treatment icon


Dr Karen Martin
Reviewed by Dr Karen MartinReviewed on 19.10.2023 | 2 minutes read

Imodium is a branded version of the medication loperamide, which is used to treat diarrhea. Loperamide works by slowing down the natural muscle contractions (peristalsis) that occur in the intestines. This, in turn, gives your body more time to absorb fluid and electrolytes. Imodium can come in different formulations, such as caplets, softgels, and liquids. The "multi-symptom relief" versions also contain the medication simethicone, which helps relieve trapped gas.

Who is it for?

Imodium can be used by anyone over the age of 6 for short-term diarrhea. It can also be used for loose stool associated with irritable bowel syndrome (IBS) in adults over 18 years, after diagnosis from their doctor.

How do I use it?

For adults and children over 12 years treating short-term diarrhea, take two caplets initially, followed by one caplet after each loose bowel movement. You should not take more than 4 caplets daily and should not use Imodium for longer than 2 days.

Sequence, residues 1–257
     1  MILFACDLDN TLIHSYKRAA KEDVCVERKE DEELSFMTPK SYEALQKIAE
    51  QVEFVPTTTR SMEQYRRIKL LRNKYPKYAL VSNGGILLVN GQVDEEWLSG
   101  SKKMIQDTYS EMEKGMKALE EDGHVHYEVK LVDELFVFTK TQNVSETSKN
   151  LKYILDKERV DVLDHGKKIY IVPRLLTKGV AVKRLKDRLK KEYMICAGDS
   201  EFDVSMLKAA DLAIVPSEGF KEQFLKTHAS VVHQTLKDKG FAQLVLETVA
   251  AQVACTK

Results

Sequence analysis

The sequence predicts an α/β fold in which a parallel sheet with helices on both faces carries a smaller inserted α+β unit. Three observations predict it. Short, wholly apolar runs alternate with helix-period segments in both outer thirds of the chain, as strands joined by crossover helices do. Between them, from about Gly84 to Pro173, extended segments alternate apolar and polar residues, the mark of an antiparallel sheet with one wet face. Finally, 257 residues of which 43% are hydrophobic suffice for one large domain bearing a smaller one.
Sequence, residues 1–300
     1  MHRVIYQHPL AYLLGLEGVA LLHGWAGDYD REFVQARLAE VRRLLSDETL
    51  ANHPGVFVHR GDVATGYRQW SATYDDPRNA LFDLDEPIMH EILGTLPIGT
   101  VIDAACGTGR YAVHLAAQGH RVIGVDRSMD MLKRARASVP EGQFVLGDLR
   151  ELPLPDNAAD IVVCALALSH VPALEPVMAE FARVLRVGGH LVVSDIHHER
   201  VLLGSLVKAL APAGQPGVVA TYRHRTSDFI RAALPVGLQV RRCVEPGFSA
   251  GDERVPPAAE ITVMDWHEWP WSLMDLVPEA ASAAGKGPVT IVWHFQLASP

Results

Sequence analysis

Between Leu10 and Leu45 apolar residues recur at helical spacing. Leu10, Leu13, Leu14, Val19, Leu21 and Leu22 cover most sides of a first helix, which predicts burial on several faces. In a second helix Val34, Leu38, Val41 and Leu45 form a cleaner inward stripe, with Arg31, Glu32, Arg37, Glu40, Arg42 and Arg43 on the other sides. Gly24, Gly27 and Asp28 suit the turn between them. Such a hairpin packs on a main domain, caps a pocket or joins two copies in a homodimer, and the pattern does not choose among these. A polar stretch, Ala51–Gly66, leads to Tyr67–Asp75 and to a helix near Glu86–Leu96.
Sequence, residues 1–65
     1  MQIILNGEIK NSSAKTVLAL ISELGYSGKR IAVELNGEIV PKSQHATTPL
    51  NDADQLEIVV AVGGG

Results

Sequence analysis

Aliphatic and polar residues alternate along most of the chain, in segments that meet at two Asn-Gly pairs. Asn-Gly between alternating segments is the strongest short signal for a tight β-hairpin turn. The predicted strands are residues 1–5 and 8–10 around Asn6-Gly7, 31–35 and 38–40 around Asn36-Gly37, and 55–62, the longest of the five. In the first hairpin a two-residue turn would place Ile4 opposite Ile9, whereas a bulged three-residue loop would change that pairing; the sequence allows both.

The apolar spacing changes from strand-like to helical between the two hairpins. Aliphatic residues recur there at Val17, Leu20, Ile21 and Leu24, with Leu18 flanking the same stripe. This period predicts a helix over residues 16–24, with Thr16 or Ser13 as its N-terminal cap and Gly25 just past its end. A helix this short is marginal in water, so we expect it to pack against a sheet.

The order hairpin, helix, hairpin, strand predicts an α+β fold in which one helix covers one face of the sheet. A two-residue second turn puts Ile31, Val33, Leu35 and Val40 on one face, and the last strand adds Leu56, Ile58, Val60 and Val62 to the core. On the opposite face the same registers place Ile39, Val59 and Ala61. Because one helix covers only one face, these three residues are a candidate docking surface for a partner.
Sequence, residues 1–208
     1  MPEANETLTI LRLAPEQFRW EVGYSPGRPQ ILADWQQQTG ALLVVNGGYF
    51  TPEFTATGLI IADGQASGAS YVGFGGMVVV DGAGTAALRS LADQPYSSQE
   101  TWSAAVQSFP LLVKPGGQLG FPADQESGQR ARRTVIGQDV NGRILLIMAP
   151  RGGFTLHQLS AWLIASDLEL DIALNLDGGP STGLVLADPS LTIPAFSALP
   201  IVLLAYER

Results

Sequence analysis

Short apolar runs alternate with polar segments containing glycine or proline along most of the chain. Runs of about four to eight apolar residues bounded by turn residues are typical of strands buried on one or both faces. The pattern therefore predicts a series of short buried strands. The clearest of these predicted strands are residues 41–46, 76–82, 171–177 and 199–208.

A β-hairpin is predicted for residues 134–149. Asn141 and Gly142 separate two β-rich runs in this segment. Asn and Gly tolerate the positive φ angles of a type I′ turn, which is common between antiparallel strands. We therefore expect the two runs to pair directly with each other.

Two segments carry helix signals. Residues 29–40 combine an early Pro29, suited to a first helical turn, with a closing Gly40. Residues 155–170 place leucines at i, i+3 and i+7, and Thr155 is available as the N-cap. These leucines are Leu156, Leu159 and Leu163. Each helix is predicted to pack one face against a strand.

For children between the ages of 6 and 12, for treating short-term diarrhea, take one caplet initially, followed by one-half caplet after each loose bowel movement. You should not take more than 2 caplets daily and should not use Imodium for longer than 2 days.

Should anyone avoid taking it?

Like all medications, don’t take them if you have previously had an allergic reaction to the drug. Avoid starting Imodium if you are diagnosed with an inflammatory bowel condition like ulcerative colitis, have not consulted your doctor, are constipated, or have a severely painful swollen stomach.

You should not take Imodium if you are pregnant or breastfeeding. You should avoid Imodium if you have severe diarrhea after taking antibiotics or if you have a fever and have blood in your stools. This may be a sign you have an infection, and you should speak with your doctor promptly.

Are there any side effects?

As with any medication, some people are bound to get some unwanted side effects. Some common ones include dizziness, drowsiness, constipation, stomach pain, itching, and skin rashes. You should consult your doctor if you experience any severe symptoms.

Was this helpful?

Was this helpful?

This article has been written by UK-based doctors and pharmacists, so some advice may not apply to US users and some suggested treatments may not be available. For more information, please see our T&Cs.
Dr Karen Martin
Reviewed by Dr Karen Martin
Reviewed on 19.10.2023
App Store
Google Play
Piff tick
Version 2.26.4
© 2024 Healthwords Ltd. All Rights Reserved